Preparing for interviews and employment was made very clear thanks to Annabel Smoker’s Employability Week that she organised. She showed us insight on how to write out personal statements, C.V.s, and portfolios, and how to compete our online job applications.
I was also lucky enough to have gained so much experience within the University from both my roles as NAMSOC President and Faculty Officer (see my previous blog). These helped me gain the relevant skills for use in an interview such as clear, precise communication and also to act professionally at all times. It was useful to have the head of recruitment for University Hospitals Southampton and Queen Alexandra Trust visit the University, so that we could actually find out what is expected from us as newly qualified nurses.
Making the most of my placements
I definitely made good use of my placements by keeping in touch with my mentors, so when it came to deciding where I wanted to work, I had connections that I could ask for advice.
My first placement was on a surgical ward at Southampton General Hospital that specialised in Ear, Nose and Throat. I really enjoyed it and found the cases there very interesting. The staff were so friendly and helpful. So when I left I kept in touch with my mentor and few others.
When I also started my part time job with NHSP, I made sure to book some shifts there as a healthcare assistant, so that I could get myself known again and let them know that I was interested in a job there when I qualified.
What was the interview process like?
From the beginning, I found the application form and personal statement difficult as I really didn’t want to mess up my chances of getting an interview. So I followed the advice from the head of recruitment on how we should apply and what to put in our application for us to stand out and get an interview.
I took my time with the application and got people to proof read it for me, as I felt it was important not to have any mistakes. When I found out I had an interview, I was so happy, but so nervous at the same time. I prepared for the interview by reading the ‘commonly asked questions’ that Annabel supplied in the employability week. I also created a portfolio of all the things I have been involved in, testimonials from staff, certificates from all the conferences I have attended etc. So I felt organised and prepared, and ready for the interview.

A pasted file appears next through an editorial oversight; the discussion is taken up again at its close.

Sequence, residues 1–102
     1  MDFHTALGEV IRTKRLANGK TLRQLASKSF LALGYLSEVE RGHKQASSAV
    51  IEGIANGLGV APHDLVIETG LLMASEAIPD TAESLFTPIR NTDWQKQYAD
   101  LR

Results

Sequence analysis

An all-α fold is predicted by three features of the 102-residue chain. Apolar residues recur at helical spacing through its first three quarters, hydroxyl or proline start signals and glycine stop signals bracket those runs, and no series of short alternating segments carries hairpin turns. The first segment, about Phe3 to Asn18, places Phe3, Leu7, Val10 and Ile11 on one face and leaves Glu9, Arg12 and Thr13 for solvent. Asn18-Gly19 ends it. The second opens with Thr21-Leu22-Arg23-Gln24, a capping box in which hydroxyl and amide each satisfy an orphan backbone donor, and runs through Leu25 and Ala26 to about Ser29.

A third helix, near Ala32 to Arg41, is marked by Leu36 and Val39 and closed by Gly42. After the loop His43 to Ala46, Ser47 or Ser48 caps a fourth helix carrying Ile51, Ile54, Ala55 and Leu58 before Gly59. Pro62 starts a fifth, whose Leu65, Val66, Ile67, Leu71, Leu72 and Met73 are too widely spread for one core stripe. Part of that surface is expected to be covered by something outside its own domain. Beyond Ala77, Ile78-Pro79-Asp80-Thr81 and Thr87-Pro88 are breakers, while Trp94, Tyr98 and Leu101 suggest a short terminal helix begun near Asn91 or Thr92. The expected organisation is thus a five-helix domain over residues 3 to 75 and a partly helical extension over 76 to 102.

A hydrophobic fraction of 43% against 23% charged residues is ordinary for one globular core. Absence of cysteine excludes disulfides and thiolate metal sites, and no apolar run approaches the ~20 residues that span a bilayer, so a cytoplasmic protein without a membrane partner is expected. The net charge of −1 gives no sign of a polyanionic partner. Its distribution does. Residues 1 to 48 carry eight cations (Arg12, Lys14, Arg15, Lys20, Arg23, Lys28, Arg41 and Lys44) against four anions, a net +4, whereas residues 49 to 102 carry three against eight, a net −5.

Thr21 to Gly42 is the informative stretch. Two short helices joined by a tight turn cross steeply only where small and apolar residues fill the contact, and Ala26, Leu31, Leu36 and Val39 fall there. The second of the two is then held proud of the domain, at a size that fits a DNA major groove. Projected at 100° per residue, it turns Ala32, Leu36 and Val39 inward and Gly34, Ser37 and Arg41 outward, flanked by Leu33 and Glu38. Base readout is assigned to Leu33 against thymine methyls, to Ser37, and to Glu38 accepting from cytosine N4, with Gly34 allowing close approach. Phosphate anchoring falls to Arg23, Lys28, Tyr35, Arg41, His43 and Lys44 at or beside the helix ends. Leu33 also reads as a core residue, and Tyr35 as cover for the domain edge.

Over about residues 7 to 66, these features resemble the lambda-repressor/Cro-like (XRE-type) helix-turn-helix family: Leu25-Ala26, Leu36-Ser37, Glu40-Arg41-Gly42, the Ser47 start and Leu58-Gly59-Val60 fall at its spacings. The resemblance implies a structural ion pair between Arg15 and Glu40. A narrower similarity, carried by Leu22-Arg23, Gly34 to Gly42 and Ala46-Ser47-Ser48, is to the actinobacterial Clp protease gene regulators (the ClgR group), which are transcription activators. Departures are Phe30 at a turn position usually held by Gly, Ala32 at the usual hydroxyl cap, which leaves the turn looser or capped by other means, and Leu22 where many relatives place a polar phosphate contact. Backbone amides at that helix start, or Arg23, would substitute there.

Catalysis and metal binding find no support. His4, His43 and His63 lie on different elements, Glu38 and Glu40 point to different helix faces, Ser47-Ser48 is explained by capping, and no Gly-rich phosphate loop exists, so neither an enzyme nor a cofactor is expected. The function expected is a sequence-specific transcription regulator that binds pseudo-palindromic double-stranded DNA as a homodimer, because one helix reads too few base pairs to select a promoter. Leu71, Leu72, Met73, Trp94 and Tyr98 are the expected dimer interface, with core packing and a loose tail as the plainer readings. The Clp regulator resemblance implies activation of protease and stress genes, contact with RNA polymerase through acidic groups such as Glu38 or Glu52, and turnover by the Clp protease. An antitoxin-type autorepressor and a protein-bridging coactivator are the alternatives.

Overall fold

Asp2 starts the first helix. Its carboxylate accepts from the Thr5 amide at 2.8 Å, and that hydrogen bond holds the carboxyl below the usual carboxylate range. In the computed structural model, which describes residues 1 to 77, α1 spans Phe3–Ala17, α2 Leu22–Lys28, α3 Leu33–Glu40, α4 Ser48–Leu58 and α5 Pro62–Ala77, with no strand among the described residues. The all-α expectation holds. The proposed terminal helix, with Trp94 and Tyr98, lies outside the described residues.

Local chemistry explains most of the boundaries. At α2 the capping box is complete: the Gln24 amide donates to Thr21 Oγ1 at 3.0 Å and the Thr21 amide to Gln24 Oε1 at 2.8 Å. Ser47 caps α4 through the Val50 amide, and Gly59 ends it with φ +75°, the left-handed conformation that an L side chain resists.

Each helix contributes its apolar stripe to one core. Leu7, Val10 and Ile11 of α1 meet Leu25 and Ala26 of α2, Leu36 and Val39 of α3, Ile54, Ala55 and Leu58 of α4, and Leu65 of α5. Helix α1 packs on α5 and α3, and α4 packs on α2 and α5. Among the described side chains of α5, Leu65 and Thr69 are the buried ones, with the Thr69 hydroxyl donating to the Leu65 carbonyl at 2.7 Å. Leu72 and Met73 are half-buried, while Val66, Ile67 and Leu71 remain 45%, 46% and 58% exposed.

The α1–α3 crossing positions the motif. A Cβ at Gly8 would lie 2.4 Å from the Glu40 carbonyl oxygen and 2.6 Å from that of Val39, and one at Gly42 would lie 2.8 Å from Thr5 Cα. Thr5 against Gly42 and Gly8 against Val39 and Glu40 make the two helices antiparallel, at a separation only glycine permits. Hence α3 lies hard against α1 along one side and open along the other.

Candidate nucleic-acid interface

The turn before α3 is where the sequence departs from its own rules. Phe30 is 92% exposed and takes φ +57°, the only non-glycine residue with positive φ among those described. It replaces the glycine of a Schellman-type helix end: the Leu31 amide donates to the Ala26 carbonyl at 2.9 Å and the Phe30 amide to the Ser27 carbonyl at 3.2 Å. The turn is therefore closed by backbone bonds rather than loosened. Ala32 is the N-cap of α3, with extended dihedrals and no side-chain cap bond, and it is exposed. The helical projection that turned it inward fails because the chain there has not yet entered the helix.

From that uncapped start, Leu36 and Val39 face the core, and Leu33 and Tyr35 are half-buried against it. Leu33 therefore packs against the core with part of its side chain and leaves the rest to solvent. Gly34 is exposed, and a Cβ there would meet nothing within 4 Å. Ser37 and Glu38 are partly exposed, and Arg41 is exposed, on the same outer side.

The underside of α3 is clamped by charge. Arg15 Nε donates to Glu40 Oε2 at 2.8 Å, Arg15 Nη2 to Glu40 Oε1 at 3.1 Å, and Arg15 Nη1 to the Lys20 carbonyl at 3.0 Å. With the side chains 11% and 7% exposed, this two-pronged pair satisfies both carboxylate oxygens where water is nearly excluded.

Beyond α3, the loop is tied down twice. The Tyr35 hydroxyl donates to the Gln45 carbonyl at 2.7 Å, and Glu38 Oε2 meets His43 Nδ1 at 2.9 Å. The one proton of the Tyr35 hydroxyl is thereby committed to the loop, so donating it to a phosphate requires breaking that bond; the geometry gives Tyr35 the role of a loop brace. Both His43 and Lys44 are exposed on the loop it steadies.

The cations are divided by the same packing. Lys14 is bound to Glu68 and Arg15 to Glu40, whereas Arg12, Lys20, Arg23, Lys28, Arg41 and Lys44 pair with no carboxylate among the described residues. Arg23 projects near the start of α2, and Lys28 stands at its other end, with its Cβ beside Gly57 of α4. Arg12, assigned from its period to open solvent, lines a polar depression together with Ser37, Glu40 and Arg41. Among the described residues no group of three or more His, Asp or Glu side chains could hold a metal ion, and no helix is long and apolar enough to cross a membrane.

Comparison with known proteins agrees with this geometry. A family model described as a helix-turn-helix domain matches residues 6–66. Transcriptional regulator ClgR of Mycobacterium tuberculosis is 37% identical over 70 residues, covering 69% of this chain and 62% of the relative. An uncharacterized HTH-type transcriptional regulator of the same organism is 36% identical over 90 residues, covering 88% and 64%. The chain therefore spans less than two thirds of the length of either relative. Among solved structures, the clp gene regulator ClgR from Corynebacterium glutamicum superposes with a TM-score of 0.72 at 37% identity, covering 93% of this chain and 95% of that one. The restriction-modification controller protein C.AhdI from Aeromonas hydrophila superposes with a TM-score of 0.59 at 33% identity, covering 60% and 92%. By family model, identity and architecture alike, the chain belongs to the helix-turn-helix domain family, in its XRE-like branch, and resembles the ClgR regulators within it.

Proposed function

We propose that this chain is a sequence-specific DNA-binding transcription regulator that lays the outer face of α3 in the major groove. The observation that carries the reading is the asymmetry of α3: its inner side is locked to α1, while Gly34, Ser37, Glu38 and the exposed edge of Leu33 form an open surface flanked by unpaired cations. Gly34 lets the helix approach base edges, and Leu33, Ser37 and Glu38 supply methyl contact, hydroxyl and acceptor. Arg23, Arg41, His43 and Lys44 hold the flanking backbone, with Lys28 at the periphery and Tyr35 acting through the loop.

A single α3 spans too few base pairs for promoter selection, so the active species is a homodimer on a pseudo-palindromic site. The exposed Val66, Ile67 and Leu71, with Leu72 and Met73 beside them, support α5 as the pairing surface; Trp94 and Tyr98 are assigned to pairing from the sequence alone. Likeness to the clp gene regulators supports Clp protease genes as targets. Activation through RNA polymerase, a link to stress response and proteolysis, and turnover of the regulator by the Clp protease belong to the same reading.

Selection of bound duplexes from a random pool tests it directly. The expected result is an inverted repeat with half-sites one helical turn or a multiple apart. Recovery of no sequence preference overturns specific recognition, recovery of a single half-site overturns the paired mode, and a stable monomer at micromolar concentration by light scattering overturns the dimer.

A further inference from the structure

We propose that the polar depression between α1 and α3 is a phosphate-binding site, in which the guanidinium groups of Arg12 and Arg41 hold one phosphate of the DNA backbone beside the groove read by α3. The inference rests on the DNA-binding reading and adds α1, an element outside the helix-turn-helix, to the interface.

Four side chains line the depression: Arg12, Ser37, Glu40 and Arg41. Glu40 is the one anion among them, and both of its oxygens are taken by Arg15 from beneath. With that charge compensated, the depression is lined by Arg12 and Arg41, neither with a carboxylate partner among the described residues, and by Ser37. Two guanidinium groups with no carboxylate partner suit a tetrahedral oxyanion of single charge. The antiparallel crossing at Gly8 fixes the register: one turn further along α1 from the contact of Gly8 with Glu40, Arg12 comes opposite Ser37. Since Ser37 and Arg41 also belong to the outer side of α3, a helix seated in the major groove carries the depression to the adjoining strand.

When it came to the interview, I actually really enjoyed it. The panel were so friendly and I felt at ease with them, instead of being a nervous wreck, which I used to be like in past interviews. The questions they asked were based on their values or the ‘commonly asked questions’ I had prepared for.
Leaving university and actually starting a job!
I think I will find leaving University quite difficult, as I have got involved in so much here. It will be hard to just have a job without all those extra jobs and responsibilities I’ve had here. However, I am so excited about being a newly qualified nurse and what the future holds for me in this role.
I am definitely looking forward to earning some money too. Four years of college and university as a student has been financially difficult for me – although worth every minute of it. I have learnt so much in these last four years that I will never forget.
Being offered my first post
When I found out I had got a job I was so overwhelmed that I cried. I couldn’t have said “Thank you” enough times over the phone.
Then when I found out that I had been offered my first choice at Ear, Nose and Throat I was so happy. Ever since my first placement in year one I had wanted that job, as I saw some amazing cases and the staff were great. I just wanted to be part of a team that really made a difference… and now I am.